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        Working is better for mothers’ health

        Working is better for mothers’ health

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          There is a direct correlation between the health of mothers and whether they work during their children’s early years, a study has found.

          Mothers who return to work after the birth of their child or children tend to be healthier than those who stay at home to care for the little one, according to research carried out by the University of North Carolina.

          A major study, researchers interviewed and continued to monitor 1,300 women over the course of ten years in order to establish these significant results.

          One of the major findings was that mothers who worked part-time were less likely to experience depression than their counterparts, who did not return to the office after giving birth.

          This is particularly interesting as another study published recently by the Organisation for Economic Co-operation and Development found that mental health issues in the workplace are on the rise.

          Despite this there was no quantifiable difference between mothers who worked part and fulltime in terms of depression and overall health, meaning that a happy medium could be the best option for both mother and child.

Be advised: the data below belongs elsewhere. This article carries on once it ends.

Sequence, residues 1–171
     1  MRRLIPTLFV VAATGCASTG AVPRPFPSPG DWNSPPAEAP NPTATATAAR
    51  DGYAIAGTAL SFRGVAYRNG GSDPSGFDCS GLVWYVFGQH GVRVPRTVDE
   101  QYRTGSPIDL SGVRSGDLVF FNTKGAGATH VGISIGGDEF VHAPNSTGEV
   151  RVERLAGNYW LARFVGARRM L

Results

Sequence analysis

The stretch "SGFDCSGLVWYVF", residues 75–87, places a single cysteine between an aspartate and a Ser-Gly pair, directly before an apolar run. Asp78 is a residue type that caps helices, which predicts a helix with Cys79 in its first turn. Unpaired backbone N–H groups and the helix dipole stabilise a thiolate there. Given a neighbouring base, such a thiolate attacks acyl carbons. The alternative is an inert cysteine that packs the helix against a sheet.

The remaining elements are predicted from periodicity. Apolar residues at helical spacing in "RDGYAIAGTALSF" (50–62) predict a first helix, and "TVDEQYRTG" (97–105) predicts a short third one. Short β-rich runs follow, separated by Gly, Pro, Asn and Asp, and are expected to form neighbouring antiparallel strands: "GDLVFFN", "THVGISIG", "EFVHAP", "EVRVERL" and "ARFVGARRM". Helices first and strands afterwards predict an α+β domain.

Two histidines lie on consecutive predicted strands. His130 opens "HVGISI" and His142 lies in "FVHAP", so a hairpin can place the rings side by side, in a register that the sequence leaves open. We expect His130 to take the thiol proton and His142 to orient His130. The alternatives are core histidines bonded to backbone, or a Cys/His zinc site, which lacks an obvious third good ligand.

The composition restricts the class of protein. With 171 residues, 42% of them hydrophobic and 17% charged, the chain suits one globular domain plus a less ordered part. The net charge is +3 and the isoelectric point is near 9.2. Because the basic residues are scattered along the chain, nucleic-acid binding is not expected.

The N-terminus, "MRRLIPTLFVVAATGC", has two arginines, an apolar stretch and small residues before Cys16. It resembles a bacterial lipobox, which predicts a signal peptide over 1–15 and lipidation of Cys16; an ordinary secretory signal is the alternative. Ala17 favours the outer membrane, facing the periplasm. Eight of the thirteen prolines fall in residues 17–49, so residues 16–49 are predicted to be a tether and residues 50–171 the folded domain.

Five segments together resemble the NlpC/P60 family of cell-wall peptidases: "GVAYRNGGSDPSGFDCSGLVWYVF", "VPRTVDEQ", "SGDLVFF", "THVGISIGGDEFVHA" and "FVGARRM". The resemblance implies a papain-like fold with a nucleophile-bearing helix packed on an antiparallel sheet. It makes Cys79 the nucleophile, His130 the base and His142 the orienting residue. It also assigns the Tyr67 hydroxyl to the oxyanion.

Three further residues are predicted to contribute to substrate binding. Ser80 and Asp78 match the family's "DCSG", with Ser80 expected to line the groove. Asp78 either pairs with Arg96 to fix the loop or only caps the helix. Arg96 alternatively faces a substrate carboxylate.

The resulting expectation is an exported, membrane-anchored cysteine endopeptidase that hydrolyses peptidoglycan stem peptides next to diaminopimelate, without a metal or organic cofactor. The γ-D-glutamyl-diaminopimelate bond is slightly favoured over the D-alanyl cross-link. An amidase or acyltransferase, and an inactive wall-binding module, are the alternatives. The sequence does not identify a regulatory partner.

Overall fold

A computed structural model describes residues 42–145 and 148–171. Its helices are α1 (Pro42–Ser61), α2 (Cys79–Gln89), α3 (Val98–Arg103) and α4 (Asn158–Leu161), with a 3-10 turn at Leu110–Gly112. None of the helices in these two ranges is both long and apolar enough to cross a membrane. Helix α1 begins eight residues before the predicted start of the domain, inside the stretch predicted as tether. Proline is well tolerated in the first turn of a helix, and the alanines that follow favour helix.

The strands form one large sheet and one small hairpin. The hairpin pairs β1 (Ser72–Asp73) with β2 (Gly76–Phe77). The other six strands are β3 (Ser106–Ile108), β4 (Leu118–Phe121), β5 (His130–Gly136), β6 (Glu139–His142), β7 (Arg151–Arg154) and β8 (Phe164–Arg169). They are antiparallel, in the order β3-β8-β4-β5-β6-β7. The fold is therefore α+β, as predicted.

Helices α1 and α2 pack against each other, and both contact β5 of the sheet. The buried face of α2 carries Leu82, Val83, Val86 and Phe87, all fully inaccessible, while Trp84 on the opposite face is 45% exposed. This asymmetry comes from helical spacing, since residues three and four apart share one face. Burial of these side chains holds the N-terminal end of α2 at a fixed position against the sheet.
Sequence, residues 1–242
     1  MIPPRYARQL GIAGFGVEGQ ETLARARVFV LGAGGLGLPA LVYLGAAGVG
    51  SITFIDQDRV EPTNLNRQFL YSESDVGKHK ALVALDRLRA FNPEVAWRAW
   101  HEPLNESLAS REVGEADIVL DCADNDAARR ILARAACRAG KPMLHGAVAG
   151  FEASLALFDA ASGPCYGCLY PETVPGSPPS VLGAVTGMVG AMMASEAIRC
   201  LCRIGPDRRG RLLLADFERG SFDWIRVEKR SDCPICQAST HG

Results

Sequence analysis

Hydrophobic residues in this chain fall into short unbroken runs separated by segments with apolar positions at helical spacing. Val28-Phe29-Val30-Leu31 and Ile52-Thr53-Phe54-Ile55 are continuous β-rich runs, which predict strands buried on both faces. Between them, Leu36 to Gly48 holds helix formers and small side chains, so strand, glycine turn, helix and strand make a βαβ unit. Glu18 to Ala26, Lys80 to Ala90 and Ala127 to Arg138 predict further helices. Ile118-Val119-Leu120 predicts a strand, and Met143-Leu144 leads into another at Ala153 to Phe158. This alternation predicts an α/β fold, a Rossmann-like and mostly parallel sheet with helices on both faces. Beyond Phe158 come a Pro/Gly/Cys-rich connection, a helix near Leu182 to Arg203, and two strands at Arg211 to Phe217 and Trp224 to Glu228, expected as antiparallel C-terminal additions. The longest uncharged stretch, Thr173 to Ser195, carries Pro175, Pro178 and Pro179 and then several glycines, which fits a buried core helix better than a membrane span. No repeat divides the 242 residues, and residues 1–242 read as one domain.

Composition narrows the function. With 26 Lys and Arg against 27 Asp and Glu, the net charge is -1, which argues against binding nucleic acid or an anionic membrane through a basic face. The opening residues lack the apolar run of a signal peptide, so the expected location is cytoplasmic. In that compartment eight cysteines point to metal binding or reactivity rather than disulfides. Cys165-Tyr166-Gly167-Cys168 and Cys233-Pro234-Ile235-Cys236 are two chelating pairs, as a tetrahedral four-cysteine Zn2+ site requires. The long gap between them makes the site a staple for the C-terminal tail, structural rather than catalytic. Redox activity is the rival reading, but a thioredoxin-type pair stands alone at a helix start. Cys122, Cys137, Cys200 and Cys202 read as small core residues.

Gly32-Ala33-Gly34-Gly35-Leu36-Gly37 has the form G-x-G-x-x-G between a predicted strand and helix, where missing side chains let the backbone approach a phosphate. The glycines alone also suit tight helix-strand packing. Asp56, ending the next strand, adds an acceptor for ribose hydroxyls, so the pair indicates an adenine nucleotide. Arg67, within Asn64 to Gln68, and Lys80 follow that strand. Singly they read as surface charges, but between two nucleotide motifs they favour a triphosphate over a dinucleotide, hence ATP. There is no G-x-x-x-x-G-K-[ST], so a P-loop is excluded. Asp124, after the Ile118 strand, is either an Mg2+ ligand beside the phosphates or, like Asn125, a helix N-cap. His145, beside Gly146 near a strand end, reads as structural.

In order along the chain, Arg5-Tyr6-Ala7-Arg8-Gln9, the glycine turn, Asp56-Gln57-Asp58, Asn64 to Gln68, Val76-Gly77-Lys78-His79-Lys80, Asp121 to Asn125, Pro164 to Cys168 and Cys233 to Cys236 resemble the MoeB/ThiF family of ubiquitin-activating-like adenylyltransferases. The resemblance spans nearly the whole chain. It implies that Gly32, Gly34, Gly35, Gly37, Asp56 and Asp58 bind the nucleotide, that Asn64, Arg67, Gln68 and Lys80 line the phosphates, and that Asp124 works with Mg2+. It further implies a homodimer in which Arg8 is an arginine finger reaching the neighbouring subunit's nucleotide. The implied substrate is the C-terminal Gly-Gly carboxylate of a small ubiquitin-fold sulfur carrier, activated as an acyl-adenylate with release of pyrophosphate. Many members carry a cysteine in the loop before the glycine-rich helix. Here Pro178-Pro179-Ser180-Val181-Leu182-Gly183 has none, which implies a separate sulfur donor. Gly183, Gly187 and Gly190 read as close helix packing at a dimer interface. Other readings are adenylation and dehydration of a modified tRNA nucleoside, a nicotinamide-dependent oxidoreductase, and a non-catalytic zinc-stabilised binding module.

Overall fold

Prof Cheryl Buehler, lead author and professor of human development and family studies, at the University of North Carolina, America, said: “In many cases the wellbeing of moms working part time was no different from moms working fulltime.”

          The mothers themselves said that working helped them to support the family and meant they were able to be better parents.

          Unsurprisingly mothers who worked part-time were able to be more involved in their children’s school life, but not any more so than stay at home mothers.

          Prof Marion O’Brien, co-author of the study and professor of human development and family studies, said: “Since part-time work seems to contribute to the strength and wellbeing of families, it would be beneficial to employers if they provide fringe benefits, at least proportionally, to part-time employees as well as offer them career ladders through training and promotion.”

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